You exercise your body to stay physically in shape, so why shouldn't you exercise your brain to stay mentally fit? With these daily exercises you will learn how to flex your mind, improve your creativity and boost your memory. As with any exercise, repetition is necessary for you to see improvement, so pick your favorite exercises from our daily suggestions and repeat them as desired. Try to do some mentalrobics every single day!
When we are confronted with a problem, we typically look for a solution by thinking about past problems that we have encountered. Because a certain solution worked last time, we are confident that it is the best. This is uncreative thinking.
A creative thinker thinks about the problem from many different angles. This gives them a number of possible solutions to choose from, which helps them find a unique elegant solution.
The next time you are confronted with a problem (even a very tiny one), instead of jumping to the first obvious solution, take a step back and see if you can find several alternatives. At first this is going to be difficult to do, but with practice you will be able to come up with many alternative solutions to your daily problems.
If your mind is feeling particularly stuffy, go for a short walk. Mild exercise helps gets your blood flowing and gives your mind a little more energy. It's easy for the mind to get stuck on one thought and be unable to let it go. Getting outside in the fresh air will help flush out your mind and get you into a creative mindset.
Pick a poem or song from our list and recite it out loud. Now, recite it again but skip every other word. Then skip every third word, and so on, until you can't do it any more. This exercise helps with your concentration and mental endurance.
1. Your national anthem
2. The Happy Birthday song
3. Old MacDonald
Example skipping every other word: Old had farm I I...
Most people would agree that children are generally more creative than adults. Children draw more, ask more questions and come up with interesting ideas. There are two commonly held theories about why we lose our creativity as we age.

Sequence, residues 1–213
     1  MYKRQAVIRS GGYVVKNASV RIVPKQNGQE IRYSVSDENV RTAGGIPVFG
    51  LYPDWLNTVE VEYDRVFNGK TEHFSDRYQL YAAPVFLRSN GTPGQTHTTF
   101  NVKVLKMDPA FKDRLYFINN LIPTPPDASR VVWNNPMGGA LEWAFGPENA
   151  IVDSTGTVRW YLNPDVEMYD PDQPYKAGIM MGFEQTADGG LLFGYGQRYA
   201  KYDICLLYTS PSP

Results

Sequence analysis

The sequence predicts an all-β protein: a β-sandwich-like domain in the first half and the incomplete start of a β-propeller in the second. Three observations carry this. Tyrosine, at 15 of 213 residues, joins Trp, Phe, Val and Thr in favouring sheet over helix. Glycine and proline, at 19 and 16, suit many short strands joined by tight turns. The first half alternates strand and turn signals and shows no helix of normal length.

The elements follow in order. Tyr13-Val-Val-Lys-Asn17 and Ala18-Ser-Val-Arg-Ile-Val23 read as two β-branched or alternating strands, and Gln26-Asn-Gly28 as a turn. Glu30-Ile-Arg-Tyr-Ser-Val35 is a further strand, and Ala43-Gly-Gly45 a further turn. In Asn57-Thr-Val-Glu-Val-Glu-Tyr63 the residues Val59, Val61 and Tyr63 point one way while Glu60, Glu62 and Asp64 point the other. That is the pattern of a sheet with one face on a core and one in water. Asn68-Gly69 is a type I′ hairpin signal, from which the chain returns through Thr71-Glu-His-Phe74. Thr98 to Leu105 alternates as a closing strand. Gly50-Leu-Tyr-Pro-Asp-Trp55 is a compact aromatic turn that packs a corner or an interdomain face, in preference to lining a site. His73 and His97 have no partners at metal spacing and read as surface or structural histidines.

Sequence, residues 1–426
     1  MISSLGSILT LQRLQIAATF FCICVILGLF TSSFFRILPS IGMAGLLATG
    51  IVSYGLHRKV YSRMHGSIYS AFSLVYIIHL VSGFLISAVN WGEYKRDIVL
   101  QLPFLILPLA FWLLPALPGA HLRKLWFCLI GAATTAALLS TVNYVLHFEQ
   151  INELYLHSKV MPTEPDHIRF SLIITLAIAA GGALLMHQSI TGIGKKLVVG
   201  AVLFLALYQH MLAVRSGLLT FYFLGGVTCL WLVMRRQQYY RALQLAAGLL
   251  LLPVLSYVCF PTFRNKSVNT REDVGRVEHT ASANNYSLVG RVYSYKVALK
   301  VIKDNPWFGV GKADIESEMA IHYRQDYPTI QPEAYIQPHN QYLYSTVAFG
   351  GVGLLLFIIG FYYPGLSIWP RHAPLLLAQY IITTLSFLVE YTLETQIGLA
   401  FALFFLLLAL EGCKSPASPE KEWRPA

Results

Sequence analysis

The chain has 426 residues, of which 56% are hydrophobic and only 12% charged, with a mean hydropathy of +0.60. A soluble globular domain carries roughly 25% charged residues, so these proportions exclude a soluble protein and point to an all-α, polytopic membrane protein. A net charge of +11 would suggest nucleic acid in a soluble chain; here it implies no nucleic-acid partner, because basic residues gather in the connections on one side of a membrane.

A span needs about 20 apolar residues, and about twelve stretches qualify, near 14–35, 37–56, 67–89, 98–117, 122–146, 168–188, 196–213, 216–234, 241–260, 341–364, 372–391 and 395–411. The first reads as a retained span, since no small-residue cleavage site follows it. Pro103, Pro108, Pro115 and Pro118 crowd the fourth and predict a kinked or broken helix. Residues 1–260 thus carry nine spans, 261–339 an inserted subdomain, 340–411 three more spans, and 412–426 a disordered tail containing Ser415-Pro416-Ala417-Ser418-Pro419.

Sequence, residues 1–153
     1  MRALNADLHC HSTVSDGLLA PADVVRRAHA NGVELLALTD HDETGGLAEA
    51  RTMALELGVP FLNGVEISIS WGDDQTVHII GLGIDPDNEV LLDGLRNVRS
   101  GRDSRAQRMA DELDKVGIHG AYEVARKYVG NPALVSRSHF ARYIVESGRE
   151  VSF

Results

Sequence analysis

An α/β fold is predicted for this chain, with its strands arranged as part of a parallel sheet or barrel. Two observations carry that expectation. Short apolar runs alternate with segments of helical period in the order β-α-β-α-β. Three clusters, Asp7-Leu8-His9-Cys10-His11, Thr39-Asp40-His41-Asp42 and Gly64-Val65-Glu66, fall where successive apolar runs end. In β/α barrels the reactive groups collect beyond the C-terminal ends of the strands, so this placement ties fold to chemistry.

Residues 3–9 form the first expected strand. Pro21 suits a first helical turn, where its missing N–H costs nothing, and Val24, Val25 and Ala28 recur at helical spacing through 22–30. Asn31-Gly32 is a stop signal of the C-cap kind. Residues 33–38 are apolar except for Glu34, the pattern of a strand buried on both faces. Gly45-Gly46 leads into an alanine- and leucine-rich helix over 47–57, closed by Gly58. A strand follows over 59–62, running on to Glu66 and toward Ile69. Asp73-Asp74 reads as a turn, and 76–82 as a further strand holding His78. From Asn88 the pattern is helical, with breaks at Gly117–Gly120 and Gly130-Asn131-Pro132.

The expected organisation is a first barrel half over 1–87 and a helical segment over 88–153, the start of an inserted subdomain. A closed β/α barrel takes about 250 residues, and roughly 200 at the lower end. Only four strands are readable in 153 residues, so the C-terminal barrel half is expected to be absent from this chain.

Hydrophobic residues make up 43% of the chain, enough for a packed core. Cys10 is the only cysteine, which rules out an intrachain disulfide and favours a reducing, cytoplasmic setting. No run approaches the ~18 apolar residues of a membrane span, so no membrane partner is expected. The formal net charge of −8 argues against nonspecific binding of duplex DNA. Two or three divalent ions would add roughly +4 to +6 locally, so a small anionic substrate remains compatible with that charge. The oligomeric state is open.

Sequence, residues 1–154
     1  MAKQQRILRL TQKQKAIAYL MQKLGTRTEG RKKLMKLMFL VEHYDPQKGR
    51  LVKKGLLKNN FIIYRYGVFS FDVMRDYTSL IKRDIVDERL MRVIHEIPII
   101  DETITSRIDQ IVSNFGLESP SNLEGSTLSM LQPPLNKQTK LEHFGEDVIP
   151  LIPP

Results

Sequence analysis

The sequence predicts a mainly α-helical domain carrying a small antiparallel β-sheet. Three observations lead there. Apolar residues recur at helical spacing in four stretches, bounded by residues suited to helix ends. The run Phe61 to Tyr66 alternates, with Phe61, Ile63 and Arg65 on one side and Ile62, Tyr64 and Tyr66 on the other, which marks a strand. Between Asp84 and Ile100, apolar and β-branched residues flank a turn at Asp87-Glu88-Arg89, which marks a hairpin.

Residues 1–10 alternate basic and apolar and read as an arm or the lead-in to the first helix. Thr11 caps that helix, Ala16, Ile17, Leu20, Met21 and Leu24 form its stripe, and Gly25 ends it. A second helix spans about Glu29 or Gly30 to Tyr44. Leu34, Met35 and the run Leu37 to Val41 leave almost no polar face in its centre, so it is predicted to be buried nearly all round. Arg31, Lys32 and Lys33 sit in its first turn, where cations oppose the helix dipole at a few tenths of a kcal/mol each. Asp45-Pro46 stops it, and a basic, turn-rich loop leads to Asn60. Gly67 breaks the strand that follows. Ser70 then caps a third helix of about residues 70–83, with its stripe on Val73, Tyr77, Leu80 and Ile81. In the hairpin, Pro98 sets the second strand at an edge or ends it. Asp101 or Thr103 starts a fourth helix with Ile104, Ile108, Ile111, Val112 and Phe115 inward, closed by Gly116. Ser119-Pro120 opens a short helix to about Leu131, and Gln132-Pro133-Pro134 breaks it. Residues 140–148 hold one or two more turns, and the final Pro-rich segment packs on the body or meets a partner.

The first theory is that as we age, we become more and more aware of practical constraints such as gravity or economics. Working within these constraints prevents us from fully utilizing our imaginations. We must suspend our disbelief in order to be mentally playful.
The second theory is that our culture socializes creative properties out of people. When we are young we are encouraged to draw and play, but as we get older more emphasis is placed on more cerebral activities such as math and reading. Children are slowly trained that being able to do arithmetic is more important than being creative.
A creative person must have a vivid imagination that is free to create without constraint. When you are imagining things, you do not need to be bound by the laws of physics or other rules that govern our normal lives. Set yourself free to explore what you could do under any circumstances. If you come up with a fruitful idea you might be able to modify it to work in reality.
To spark some interesting ideas you could ask yourself some "What if?" questions that break a rule. For example, you could ask yourself how you would solve the problem if you had the strength of Superman. Or, you could ask, "What if cost were not a factor?"
Another important aspect of imagination is to use all of your senses. We already know that using all of your senses (sight, sound, smell, taste, touch) can help you make long lasting memories. Your senses can also be used to enhance creativity. If you think only verbally, then your solutions will be predominantly verbal. Try to imagine smells, sounds and textures when you are thinking about a problem.